The CinemaNow and MovieLink versions of the film appeared to be identical: Both were 720 x 306 and were identical in size on disk. The quality was excellent, but a bit below that of the iTunes version, with slightly less detail. The Amazon version was the lowest resolution--640 x 272--but didn't suffer as a result: The picture looked fine, even blown up full screen on my PC. Also, Amazon's player doesn't actually let you shrink it enough to play back at 100 percent, so it appeared artificially larger than the other movies when played normally. The player also has easily accessible brightness and color sliders which let you readily enhance the picture quality during playback.
Renting TV shows and movies on a PC is a nice option, but the reality is that most people already have an On Demand service from their cable, satellite, or fiber optic TV supplier. (We use Verizon FIOS for this purpose, and the quality, at least, is excellent.) I think of PC-based TV show and movie services as being supplemental to whatever TV service you're currently using, and even to the local video rental chain. For example, while you may record your favorite TV shows via Media Center, TiVo, or your cable company's built-in DVR, sometimes a glitch happens. It's nice to be able to turn to a service like Amazon Unbox or Apple iTunes in such a case: Purchasing a TV episode for $1.99 is a lot better than missing it all together. I wouldn't subscribe to a season this way, however, as the cost is ludicrous.
PC-based rentals and purchases are more convenient than driving out to Best Buy or Blockbuster, as well, though not as convenient as On Demand. If you can perform these tasks through an Xbox 360, Apple TV, or other living room-based device, all the better: But they're still not as seamless and convenient as your cable box. And of course you have to actually purchase and set up these additional devices too. The complexity of doing so makes them a non-starter for many people.
Also, various companies, including Netflix and Blockbuster, offer DVD rental services. These work well in my experience, though we happen to prefer Blockbuster because you get a free rental every time you return a shipped DVD to the local store instead of mailing it back. Also, Blockbuster emails an astonishing number of coupons out each month; it's a great service. Netflix has a PC-based service that could be of interest, however, especially for frequent travelers who have broadband connections at their destinations: This service lets you view streaming movies while online. (Blockbuster's purchase of MovieLink should even that score soon.)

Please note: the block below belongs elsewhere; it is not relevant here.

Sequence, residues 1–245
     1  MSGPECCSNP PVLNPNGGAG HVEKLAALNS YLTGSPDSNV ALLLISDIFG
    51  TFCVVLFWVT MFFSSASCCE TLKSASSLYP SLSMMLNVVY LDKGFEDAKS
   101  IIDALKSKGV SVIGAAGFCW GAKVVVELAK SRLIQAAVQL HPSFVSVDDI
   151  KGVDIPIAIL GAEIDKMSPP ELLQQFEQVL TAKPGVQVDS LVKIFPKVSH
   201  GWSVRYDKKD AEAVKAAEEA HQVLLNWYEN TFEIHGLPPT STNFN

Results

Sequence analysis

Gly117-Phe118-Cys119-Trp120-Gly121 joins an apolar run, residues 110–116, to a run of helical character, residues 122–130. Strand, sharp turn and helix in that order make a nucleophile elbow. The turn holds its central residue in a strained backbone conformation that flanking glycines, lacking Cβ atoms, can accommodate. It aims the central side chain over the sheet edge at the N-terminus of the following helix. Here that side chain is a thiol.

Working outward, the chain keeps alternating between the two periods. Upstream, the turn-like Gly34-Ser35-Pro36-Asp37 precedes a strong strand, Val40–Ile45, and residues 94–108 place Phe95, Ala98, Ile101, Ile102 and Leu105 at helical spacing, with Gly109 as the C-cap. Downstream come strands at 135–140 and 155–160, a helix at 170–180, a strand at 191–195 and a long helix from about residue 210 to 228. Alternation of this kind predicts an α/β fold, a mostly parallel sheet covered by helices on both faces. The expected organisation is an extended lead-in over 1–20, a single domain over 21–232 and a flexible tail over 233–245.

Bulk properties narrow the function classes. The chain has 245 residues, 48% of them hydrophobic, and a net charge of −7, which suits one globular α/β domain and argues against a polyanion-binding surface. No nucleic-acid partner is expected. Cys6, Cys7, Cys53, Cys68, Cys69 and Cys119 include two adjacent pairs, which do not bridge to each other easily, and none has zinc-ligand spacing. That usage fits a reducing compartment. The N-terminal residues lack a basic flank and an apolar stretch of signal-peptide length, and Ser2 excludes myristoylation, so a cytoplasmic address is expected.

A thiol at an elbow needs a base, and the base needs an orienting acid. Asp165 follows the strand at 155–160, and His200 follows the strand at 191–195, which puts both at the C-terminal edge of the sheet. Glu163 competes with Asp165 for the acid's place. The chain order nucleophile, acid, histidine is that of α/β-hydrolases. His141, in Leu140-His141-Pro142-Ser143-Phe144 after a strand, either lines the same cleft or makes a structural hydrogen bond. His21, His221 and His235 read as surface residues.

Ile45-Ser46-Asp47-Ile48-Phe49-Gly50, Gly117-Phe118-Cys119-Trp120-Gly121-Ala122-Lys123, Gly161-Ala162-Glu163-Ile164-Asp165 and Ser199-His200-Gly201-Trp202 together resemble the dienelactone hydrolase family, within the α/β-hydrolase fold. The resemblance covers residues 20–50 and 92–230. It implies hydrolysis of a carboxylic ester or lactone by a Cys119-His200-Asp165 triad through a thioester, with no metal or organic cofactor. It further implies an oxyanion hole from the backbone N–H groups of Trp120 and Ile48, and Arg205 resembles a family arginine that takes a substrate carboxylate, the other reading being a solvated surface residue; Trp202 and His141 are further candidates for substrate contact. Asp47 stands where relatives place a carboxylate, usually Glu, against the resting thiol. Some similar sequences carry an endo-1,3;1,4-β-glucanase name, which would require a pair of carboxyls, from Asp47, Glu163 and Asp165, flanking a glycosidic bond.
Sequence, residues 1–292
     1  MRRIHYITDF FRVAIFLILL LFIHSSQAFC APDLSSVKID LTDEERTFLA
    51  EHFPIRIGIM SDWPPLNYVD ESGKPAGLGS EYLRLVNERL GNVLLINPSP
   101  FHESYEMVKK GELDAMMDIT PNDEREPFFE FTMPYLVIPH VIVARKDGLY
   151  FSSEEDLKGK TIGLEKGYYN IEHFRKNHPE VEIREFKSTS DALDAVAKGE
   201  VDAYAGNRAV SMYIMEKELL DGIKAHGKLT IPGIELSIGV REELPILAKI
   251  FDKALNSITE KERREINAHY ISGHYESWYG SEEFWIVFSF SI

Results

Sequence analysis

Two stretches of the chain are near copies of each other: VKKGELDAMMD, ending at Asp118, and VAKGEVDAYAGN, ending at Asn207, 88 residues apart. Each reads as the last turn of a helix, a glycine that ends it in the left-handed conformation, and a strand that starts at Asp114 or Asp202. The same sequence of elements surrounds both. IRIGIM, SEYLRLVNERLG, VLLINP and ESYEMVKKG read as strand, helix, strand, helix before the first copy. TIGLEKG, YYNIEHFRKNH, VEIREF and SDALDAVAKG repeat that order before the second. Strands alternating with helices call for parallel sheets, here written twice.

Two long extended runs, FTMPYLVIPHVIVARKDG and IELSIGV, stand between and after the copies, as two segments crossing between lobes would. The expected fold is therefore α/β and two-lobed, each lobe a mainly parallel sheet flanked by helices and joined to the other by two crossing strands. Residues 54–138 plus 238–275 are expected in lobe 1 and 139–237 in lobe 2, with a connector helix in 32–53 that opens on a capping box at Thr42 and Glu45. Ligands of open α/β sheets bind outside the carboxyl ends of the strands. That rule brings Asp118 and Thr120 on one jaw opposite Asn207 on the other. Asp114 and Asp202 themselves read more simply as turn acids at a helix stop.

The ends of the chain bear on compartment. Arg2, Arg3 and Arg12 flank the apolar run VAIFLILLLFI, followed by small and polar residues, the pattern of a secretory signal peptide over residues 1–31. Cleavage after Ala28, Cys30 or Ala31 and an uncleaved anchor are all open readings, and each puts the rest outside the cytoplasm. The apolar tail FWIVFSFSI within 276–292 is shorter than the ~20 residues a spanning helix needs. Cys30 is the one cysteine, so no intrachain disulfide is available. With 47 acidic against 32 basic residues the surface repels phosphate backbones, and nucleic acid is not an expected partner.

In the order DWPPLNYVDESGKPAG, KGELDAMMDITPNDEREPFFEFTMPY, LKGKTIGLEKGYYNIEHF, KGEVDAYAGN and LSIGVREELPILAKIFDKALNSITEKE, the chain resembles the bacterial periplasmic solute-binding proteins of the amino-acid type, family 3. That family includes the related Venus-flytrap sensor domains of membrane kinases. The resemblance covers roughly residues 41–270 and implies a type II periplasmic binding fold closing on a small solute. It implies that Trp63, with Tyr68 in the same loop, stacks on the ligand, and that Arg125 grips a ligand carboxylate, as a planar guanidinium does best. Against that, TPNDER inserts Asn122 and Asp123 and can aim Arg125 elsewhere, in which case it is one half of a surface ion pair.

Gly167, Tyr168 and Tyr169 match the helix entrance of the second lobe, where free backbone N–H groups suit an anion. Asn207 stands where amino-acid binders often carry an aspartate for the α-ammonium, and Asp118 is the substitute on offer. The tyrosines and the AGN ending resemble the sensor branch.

While people seem to love buying DVD movies, this is an expensive option for all but the most diehard movie lovers. I mean, with a few exceptions, how many times do you really watch most movies? (Once, I'm guessing.) There are exceptions, of course (my kids have watched most Pixar movies hundreds of times), but most movies require only a single viewing, so renting makes the most sense. This reality will likely doom the high definition Blu-Ray and HD DVD formats as well. Sure, they look great. (They really, really do look great.) But these HD formats make DVD look inexpensive by comparison. The economics just don't make sense yet. They may not ever.
Personally, I've been selling off most of my purchased DVDs and turning as much as possible to digital movie viewing, either on the PC or iPod touch (while traveling) or via On Demand, iTunes/Apple TV, or Amazon Unbox/Xbox 360 on the HDTV in my living room. We also rent movies via Blockbuster. But I just don't watch individual movies enough times to justify buying them going forward. I doubt that will change, especially as more and more HD content goes digital. Your needs, of course, will vary.
I regularly use both Amazon Unbox and Apple iTunes to rent movies and purchase TV shows, and both are of high quality. We watch Amazon-acquired content via the Xbox 360 in our living room, while Apple-acquired content is accessed there via an Apple TV. On the PC, either solution works well and I find both viable options when traveling with a laptop. Apple's is the only choice for the iPod touch and iPhone, and iTunes content looks great on those devices. I'm not a fan of purchasing movies with any service per se, but Apple's H.264-based movies look better than the Windows Media Video-encoded movies offered on other services for the most part. As we move towards more pervasive HD content, I'd expect Apple's choice of codec to provide further advantages, though again, the iTunes service is best suited to those who have bought into the Apple ecosystem in a big way. I do happen to use iTunes on the PC, the iPod touch and iPhone while traveling, and an Apple TV in my living room, so Apple's system is quite compatible with the gear I've chosen. If you're more firmly in the Microsoft world, Amazon is the best of the Windows-oriented services: It has the best selection, the best Web site, and the nicest PC software.